“Now the seats are all empty, let the roadies take the stage
Pack it up and tear it down, they’re the first to come and the last to leave
Working for that minimum wage. “
—Jackson Brown, “The Load-Out”
By Brian Hitsky
Despite the low wages and long hours, the life of a roadie fueled the travel itch of Cuenca expat Wally Kolodinski. So much so, that the 67-year-old Canadian spent nine years on an adventure that took him to many different countries and every state in the U.S. except for Alaska.
But his jack-of-all trades skill set, didn’t just limit him to be in the back ground while his principal skill was lighting up the stage. Kolodinski, over his work career, also thrived as an actor, succeeded as a food and beverage banquet captain and toiled in maintenance and construction.
Now, after retiring to Cuenca last August, Kolodinski volunteers his time as a bartender for special events at Minka, the banquet space operated by Hogar de Esperanza.
Growing up in a small town, Thunder Bay Ontario, Canada, the lure of a bigger city sparked Kolodinski’s curiosity, so he grabbed a garbage bag full of his stuff and headed for Toronto, where he found work in a theater doing graphic design.
One day the company needed someone to perform a one-minute comedy line in the “Bull Durham” play they were preparing. Wally gave it a shot. When the reviews of the play came out, he was given a favorable paragraph mention. That led to his trying out for all kinds of acting assignments during the day, while he worked the theater at night.
“I wasn’t very good, but I could hold people’s attention for 30 seconds,” Kolodinski said. “I did parts in movies, commercials, a lot of studio work and television and cable.” Some of his credits included Crest toothpaste, Coors Lite beer, Shell Oil and Pizza Hut.
His acting career lasted 12 years until 1985 when he was offered a job to move to Florida and work for Michael Iceberg, a Walt Disney entertainer, who primarily did industrial shows for IBM. Iceberg was a one-man show, who used multiple keyboards and synthesizer instruments to create distinct music, as well as a light show and fogging device to wow audiences. It was a gig that required lots of travel.
As part of his job, Kolodinski unloaded two tons of equipment and helped set up the scaffolding before each of Iceberg’s acts. During the performance he also operated the light board. After everything was packed up when the show ended, Wally drove the bus, night in and night out, at times navigating dangerous weather conditions, to the next destination in true roadie fashion.
He remembers one incident manipulating the lights while Iceberg played. The musician had received several ovations for his performance and his 20-minute set doubled in time. Marie Osmond, the main act singed, was delayed from going on.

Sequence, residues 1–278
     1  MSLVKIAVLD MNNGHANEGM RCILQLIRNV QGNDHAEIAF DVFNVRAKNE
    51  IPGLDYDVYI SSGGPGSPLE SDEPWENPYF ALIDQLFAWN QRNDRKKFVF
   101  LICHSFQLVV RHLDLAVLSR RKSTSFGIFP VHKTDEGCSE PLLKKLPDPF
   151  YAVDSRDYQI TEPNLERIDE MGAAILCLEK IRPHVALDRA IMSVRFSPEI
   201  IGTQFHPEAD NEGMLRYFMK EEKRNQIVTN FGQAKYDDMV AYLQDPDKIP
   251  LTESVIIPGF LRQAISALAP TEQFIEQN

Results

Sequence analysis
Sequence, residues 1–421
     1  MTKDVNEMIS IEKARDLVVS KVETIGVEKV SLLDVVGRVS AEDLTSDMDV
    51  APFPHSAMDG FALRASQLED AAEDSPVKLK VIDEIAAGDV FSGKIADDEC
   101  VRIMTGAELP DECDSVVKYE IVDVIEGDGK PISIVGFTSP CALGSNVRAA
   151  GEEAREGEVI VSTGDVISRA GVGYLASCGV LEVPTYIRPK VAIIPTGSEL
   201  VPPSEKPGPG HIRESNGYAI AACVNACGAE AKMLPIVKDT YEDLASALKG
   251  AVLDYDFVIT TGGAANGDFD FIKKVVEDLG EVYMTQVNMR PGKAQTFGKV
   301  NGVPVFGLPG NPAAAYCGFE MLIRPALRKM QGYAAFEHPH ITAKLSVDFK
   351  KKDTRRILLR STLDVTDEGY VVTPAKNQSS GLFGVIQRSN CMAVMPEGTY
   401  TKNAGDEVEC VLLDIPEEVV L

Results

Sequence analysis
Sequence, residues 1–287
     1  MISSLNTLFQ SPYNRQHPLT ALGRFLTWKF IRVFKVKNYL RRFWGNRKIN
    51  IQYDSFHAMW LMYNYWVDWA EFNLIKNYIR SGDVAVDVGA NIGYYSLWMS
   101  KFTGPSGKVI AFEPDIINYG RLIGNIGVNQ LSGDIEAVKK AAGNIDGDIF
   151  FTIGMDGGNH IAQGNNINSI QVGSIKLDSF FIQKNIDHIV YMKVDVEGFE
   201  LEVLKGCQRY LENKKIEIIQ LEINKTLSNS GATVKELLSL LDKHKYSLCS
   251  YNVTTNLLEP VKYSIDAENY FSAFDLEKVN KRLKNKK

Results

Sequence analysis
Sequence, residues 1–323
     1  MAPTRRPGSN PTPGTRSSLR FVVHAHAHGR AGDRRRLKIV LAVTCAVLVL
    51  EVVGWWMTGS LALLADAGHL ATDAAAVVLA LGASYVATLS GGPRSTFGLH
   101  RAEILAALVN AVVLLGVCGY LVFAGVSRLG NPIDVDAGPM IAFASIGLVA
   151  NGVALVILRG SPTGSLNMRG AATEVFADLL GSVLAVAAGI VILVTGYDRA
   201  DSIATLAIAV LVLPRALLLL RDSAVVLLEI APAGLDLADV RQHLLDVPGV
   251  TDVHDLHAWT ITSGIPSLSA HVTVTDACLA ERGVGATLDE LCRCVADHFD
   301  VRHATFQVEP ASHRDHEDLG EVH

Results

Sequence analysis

Frustrated, she came up behind Kolodinski and grabbed his flashlight off the light board to check her makeup and hair, leaving Wally in pitch black and unable to see his switches. He snatched back his light, which must have annoyed Osmond, because she smacked him in back of his head.
“I think she was upset because her performance was late. It was hot back stage, and she probably was sweating a lot,” Kolodinski said.
Another memorable recollection for Wally was the time Iceberg was called upon to help celebrate the six-year-old birthday of the Crown Prince of Saudi Arabia. The king had moved the family to Bermuda because of the Gulf War and he flew Iceberg and his crew to the island for a week.
“That was the most lavish and expensive hotel I’ve ever stayed in,” Kolodinski recalled. “We had an unlimited expense account and could order anything we wanted. We stayed in a hotel beach house instead of a room, and I think I gained 20 pounds from eating.”
Now Kolodinski realizes that the Saudi Crown Prince has become Mohammed bin Salman, who is accused of being involved in the murder of Washington Post journalist Jamal Khashoggi.
Wally’s roadie career came to an end when Iceberg’s bus mysteriously burned and much of the show’s equipment was destroyed. His ability to work in the United States was lost because he had been grandfathered in as long as he was employed by Iceberg.
He went back to Canada, but several months later Wally was informed that he won the green card lottery, so he moved back to Orlando, Florida, which had previously been his home base.
Painting houses, working in the food and beverage industry and rehabbing and doing maintenance for large real estate projects kept Kolodinski occupied.
While at the Casa Monica Hotel in St. Petersburg, Florida, a premier wedding destination, he worked with an Ecuadorian brother and sister. Wally had planned to take a trip to Peru later in the year, and when the sister found out, she invited him to stop off in Cuenca for her wedding. The brief stay convinced Wally that Cuenca was eventually going to be his retirement destination.
After making the move seven years later, Wally was shopping for some things and wound up at Hogar de Esperanza’s second-hand store, where he learned about Minka.
A discussion with Esperanza Director Gary Vatcher, a fellow Canadian from Newfoundland, led Kolodinski to his volunteer stint. “I try to assist whenever there is a special event. I love attention to detail, and because of my experience, I try to give pointers to the waiters and waitresses,” he said.
Wally said he loves Cuenca and is planning on a permanent stay. He plays tennis and pinochle and is trying to learn Spanish. He paints. He walks his two dogs along the Tomebamba River. He says he is content.
A just conclusion for someone who has been so long on the road.